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Loyalty of Nadwat-ul-Ulama to British rule

Their school funded by the British

Their expressed aim: to produce Ulama who would promote loyalty to British rule

The Nadwat-ul-Ulama of Lucknow, India, is a famous institution for training Muslim theologians and Ulama, founded in 1891. One of its best-known personalities was its Rector and high official Sayyid Abul Hasan Ali Nadawi, whose books against the Ahmadiyya Movement are widespread in the world, accusing Hazrat Mirza Ghulam Ahmad of being sponsored by the British government. Yet when we study the history of Nadwat-ul-Ulama itself, we learn:
“Nadwah also fostered relations with the [British] government, for, in a colonial society, any ambitious leadership required its support. After a period of intense suspicion because of their presumed Pan-Islamic sentiments, the government agreed to patronize secular learning at the school, contributed land for its fine building on the banks of the Gumti in Lucknow, and, in 1908, sent the lieutenant governor himself to lay the foundation stone.”
(Islamic Revival in British India, by Dr Barbara Daly Metcalf, p. 346)
The journal An-Nadwah itself recorded:
“The honourable Lieutenant Governor [Sir John Hewitt] agreed to lay the foundation stone of the Darul Uloom [school] of Nadwat-ul-Ulama. This ceremony was held on 28 November 1908.”
(An-Nadwah, December 1908, vol. v, no. 10, pages 1-2)
It also said regarding the British government:
“Although the Nadwah has nothing to do with politics, its real aim is to produce enlightened Ulama, and it is an essential duty of such Ulama to be familiar with the blessings of the government’s rule, and to spread feelings of loyalty in the country.
(An-Nadwah, July 1908, p. 1)
The proceedings of the ceremony at which the foundation stone of the school building was laid were compiled by Maulana Shibli Numani, Secretary of the school and a renowned historian of Islam, and published in the Nadwah’s Reports. We give below some extracts from the welcome address presented to Sir John Hewitt:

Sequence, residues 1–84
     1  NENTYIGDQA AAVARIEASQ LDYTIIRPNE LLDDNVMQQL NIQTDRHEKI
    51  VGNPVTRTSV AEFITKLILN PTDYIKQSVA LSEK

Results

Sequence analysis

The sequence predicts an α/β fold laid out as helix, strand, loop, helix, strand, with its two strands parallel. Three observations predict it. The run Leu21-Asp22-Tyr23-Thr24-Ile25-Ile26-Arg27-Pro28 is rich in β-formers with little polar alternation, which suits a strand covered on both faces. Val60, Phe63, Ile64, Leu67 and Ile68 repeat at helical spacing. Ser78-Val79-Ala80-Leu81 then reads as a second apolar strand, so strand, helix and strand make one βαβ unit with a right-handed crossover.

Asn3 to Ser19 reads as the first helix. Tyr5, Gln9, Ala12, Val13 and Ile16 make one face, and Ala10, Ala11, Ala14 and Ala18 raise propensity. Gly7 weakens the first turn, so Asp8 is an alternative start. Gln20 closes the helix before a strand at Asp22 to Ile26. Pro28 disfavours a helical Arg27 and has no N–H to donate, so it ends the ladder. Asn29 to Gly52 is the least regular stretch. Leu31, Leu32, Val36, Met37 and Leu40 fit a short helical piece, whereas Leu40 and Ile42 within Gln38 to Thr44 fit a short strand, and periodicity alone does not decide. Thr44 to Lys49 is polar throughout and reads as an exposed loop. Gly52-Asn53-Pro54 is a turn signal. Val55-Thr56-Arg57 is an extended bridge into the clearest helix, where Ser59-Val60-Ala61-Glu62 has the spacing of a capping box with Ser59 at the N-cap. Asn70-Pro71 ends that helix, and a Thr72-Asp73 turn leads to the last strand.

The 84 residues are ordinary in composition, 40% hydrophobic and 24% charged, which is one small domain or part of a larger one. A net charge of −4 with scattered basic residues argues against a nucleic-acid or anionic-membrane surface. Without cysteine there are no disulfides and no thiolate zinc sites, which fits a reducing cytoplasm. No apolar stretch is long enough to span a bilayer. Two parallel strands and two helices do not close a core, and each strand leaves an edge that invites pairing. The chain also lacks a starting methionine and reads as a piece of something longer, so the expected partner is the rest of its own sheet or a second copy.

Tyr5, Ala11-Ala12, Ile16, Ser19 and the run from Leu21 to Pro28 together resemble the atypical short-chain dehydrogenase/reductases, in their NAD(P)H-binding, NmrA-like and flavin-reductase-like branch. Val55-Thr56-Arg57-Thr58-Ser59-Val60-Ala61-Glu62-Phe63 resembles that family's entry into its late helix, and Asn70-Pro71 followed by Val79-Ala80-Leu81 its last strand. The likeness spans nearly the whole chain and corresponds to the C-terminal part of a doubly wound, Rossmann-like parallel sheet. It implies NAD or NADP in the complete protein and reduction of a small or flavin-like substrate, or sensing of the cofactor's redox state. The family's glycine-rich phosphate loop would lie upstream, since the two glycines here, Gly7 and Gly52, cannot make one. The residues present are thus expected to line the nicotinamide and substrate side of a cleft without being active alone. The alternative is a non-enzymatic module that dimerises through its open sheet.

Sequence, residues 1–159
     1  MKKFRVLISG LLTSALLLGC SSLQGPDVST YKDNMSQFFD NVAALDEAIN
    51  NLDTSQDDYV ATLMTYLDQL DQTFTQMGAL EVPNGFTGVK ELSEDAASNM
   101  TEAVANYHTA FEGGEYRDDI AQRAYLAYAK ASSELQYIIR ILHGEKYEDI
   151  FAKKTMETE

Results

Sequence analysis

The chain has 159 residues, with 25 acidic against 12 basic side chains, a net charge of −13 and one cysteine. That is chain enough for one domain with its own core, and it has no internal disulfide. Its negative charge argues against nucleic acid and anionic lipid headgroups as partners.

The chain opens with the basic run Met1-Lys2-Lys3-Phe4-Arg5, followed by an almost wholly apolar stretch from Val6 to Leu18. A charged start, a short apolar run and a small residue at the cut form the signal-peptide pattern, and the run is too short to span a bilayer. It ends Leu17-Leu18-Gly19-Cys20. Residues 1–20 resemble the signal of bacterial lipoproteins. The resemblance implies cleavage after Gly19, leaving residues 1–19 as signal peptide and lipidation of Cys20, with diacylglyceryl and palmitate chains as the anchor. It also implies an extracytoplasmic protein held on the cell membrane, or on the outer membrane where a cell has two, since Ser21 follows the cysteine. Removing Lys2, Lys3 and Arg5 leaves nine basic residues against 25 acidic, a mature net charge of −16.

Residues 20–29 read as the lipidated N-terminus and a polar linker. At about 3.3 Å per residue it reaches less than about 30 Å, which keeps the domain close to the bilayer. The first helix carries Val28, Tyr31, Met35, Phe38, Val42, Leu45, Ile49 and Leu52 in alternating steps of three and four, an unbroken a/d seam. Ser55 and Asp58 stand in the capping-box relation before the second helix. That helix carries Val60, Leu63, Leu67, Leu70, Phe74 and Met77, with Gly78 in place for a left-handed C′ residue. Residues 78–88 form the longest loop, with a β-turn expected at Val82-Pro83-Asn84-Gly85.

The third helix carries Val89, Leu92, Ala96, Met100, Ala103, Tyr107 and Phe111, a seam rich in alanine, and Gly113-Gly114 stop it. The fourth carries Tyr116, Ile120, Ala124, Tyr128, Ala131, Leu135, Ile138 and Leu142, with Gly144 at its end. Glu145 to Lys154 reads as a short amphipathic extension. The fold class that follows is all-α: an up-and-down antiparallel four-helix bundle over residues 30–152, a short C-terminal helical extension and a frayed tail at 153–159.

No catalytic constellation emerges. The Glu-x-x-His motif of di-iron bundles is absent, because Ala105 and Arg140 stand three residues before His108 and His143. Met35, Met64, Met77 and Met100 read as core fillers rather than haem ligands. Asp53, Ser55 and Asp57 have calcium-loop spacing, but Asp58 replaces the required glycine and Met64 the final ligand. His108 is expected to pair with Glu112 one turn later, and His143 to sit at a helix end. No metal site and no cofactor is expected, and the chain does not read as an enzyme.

“We thank you from the bottom of our hearts for honouring the Muslims generally, and members of the Nadwah particularly, by consenting to lay the foundation stone of Darul-Uloom, Nadwah, with your own hand. We are sure that all Muslims of India will be grateful to you for the encouragement you have given us on this occasion, because no part of India is without the well-wishers of Nadwah. By laying the foundation stone of a religious institute, your honour has set yet another example of the liberality and fair-mindedness which is a distinctive quality of the English people and the central pillar of British rule.

It is certain that our method of education will create a group which will be more able to resist the rebellious and emotive ideas of today. This will be a group which will be respectful to elders, friendly to neighbours, sympathetic to people in general, and loyal to the government. ...

We are grateful from the bottom of our hearts for the land which your honour has granted us. Recently, your honour bestowed upon us a gift of Rs.500 per month, for which we cannot sufficiently express our thanks.”

(Raudad Darul-Uloom Nadwat-ul-Ulama for 1907 to 1909, pages 24 to 33)

Replying to this address, Sir John Hewitt noted in particular the following:
It was pleasing to hear you expressing loyalty to the British government in clear words whose meaning cannot be doubted at all. I am sure that your Nadwah will use its influence to support the authorities and oppose agitation, disorder and ill-will against the government.”
In a speech made in those days, as reported in a Muslim newspaper, the President of the school of Nadwat-ul-Ulama said:
“In its short life, the Nadwah has not only made astonishing progress in attracting the Muslim population of India, but it has obtained a vote of confidence from the government as well.

We Muslims, and especially the honourable Ulama, should give special thanks, with gratitude from our hearts, to Lieutenant Governor Sir John Hewitt, through whose care and kindness we obtained a plot of land for our school and the considerable sum of Rs. 500. I think it advisable that the leaders of Islam, who have come here from all over India to attend this meeting, should make a petition, indeed it should now be our duty, that we should offer all possible assistance to the government in establishing peace in the country. It should be one of the duties of our Ulama to urge the Muslims, in sermons, to go along with the government. I believe that if we do this, we shall be acting on Islamic teachings, which are better known to many honourable persons in this meeting than to me.”
(Newspaper Paisa, Lahore, 30 May 1910)